Add an interface chip on the bus and write a program to operate the LEDs on a simple binary display. This will get tiresome since a UV erase cycle is needed each time.
Add a RAM chip to the bus. Write a program loader to pull in software over RS-232 and execute after loading. Or, if you are clever, build a set of commands that give you more control.
With RAM and a program loader, now you can experiment with software loading. You can write values to the register of the interface chip and make it do simple things.
Answer by Phillip Remaker:
Depending in the level of detail you desire, you may have just asked for three or four years of focused and intense university study, including a lot of lab time.
The sequence of events I used to learn 25+ years ago:
- Learn boolean logic, formally.
- Learn a high level, structured programming language.
- Learn a lower level programming language (C).
- Learn assembly language (including a debugger).
- Learn how a compiler changes a high level language to assembly language.
- Understand how to write to and read from registers.
- Understand locking, mutexes, and race conditions.
- Understand bit masking and logic operations.
- Learn about basic electronics: KCL, KVL, Ohm's Law.
- Learn about Operational Amplifiers and square waves and clocks.
- Learn about transistors, and diodes. Make note of Open Collectors.
- Learn how to build logic gates.
- Learn about shift registers.
- Learn about DRAM and cell storage and addressing.
- Learn about signalling techniques like RS-232.
- Learn that ground is a funny thing.
Now. Build a computer.
Get a wire wrap board, a logic probe, and an Intel 8085
Apply power, passives and a crystal to the CPU. Verify a clock is generated.
- Add an EPROM. Write a simple program (zero-jump-to-zero) and see that the program it is read and running.
- Add an interface chip on the bus and write a program to operate the LEDs on a simple binary display. This will get tiresome since a UV erase cycle is needed each time.
- Add a RAM chip to the bus. Write a program loader to pull in software over RS-232 and execute after loading. Or, if you are clever, build a set of commands that give you more control.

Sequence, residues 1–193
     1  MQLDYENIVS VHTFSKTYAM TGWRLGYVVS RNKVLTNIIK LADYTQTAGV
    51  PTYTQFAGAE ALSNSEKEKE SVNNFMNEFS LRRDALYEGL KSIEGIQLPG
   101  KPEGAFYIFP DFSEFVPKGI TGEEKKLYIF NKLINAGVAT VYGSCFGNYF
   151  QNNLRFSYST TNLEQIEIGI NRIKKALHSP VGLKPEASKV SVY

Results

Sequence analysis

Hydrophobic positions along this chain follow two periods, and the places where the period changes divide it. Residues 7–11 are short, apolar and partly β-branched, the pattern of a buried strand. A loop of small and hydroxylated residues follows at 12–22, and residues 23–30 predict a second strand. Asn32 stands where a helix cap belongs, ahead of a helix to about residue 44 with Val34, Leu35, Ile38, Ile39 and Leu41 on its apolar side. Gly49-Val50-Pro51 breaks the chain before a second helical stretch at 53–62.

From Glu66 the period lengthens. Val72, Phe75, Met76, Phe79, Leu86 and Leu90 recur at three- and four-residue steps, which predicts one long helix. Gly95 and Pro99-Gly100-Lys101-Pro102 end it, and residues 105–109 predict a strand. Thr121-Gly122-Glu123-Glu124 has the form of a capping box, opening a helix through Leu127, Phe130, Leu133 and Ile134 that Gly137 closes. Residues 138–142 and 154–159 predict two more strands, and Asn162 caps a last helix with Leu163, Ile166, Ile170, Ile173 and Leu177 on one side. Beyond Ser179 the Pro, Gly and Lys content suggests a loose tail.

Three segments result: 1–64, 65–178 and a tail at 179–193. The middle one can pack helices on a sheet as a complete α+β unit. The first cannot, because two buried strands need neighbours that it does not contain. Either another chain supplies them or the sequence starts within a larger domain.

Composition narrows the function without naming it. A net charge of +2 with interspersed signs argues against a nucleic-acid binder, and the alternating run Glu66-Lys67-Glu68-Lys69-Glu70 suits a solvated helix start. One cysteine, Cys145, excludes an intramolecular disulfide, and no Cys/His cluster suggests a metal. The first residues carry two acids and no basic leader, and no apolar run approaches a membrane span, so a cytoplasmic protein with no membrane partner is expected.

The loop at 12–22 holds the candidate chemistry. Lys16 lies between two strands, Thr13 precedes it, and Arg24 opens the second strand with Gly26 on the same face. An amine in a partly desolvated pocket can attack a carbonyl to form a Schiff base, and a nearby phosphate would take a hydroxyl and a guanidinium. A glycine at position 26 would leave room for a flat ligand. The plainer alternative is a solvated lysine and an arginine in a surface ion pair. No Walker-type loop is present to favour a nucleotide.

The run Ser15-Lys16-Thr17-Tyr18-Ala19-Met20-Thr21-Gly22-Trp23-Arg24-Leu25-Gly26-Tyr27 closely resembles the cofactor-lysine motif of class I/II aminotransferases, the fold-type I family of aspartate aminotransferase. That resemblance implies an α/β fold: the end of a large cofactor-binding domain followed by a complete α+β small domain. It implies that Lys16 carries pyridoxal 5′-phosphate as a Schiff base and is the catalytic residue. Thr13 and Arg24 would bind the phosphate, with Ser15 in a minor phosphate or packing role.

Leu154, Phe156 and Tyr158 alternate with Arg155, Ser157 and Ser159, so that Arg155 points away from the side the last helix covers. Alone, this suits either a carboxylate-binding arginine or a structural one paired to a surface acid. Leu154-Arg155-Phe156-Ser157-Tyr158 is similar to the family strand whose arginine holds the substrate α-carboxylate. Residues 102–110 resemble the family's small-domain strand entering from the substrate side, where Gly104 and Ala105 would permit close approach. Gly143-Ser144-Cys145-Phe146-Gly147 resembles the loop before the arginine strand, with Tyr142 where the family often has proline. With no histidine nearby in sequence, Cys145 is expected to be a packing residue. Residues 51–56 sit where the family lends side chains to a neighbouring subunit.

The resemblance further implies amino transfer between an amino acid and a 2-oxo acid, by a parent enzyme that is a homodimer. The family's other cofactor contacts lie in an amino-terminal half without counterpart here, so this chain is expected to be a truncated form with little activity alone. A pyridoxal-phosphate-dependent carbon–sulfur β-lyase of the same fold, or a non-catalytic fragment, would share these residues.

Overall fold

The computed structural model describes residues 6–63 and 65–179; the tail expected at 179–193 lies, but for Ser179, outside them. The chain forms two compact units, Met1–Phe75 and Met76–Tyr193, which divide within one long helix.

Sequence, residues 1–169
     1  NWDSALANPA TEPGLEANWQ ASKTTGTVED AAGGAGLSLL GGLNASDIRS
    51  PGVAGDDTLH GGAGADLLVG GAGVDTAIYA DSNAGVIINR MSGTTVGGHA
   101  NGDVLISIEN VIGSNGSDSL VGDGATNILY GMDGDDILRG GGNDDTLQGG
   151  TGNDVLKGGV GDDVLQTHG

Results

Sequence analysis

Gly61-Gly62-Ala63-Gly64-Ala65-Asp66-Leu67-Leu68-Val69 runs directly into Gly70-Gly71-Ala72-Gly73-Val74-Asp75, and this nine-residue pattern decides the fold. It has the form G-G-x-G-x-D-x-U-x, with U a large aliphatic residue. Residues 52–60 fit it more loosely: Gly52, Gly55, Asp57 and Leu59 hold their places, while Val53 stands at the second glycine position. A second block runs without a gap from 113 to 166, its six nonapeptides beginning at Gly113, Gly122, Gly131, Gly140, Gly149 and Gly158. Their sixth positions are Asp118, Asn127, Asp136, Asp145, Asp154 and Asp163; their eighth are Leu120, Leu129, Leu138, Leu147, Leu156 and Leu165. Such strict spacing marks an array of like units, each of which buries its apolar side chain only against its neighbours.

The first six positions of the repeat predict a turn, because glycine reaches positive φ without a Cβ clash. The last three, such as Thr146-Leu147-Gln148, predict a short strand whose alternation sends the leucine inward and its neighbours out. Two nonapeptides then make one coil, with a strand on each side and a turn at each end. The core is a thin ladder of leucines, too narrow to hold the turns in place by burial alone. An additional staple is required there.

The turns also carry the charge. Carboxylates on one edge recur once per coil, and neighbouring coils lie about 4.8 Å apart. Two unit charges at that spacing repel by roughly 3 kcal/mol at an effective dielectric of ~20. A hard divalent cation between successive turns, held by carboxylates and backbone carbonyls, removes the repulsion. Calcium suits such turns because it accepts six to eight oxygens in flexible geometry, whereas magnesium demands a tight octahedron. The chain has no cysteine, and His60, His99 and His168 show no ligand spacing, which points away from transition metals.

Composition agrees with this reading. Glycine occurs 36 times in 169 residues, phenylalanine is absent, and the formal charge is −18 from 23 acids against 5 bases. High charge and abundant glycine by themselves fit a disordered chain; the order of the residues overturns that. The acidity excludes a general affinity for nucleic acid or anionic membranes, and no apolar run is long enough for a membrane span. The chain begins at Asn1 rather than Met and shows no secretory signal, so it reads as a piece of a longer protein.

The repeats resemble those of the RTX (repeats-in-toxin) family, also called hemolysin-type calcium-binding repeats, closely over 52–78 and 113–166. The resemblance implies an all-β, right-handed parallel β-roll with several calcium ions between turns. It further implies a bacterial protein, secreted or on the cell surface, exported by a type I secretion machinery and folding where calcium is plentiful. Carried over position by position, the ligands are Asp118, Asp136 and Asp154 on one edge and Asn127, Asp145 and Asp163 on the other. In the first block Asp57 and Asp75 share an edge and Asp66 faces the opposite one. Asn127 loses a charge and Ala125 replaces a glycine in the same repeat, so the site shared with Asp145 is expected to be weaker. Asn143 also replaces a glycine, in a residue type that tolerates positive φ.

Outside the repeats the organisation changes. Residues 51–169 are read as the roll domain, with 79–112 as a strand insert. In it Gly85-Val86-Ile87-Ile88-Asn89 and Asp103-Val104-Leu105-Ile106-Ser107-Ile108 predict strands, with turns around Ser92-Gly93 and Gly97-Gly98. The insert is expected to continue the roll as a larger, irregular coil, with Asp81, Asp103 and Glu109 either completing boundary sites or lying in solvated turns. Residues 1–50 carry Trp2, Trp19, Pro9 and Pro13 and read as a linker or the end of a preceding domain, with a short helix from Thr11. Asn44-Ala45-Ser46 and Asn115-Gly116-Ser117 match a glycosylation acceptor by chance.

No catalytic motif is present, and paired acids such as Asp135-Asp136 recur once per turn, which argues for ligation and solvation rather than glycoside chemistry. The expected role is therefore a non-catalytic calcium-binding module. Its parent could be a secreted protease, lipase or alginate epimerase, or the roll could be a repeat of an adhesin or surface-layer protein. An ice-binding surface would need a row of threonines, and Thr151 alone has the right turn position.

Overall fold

- With RAM and a program loader, now you can experiment with software loading. You can write values to the register of the interface chip and make it do simple things.
- Now, add some other chip to the bus and make it do something interesting. I used a synthesizer chip and wrote values to it from a table to play notes based on the keypress on the keyboard. The shift bit made a major chord, the ctrl bit a minor chord, and the ctrl+shift bits together a 7th chord.
These days, doing such a basic thing is a lot easier with the system-on-a-chip, Arduino, and Raspberry Pi. but you only understand the interior of a computer if you go deep inside. Understand it one instruction cycle at a time. Everything builds on everything else, and when it is designed correctly, all of the complexity is hidden from view. The only way to fully understand at the zeroes-and-ones level is to look at it from the ground up, block by excruciating block.
Graphics is a whole discipline unto itself, to which you should allot about another two or three years to get a reasonable grasp. I can say things like "ray tracing," "SIMD," and "fill rate" as if I know what I am talking about, but I have not been far down that rabbit hole.
I also haven't really studied VHDL, FPGAs and stuff like that, but those may also help you get a grip on the inner workings of a computer.
There is a hell of a lot of magic inside that silicon chip, and there is no shortcut to learn. The way to learn is to build it, break it, fix it, expand it, and keep repeating until you know what is going on. This is not something you read about, this is something you have to live.
suggests 's to get a foundational understanding in just 7 weeks. From the curriculum, that course looks promising. I would love to hear from people who take it. This seems like it may be the inaugural offering of the course.
See (and upvote):
This thread has a lot of good information, too: Hat tip to for the pointer.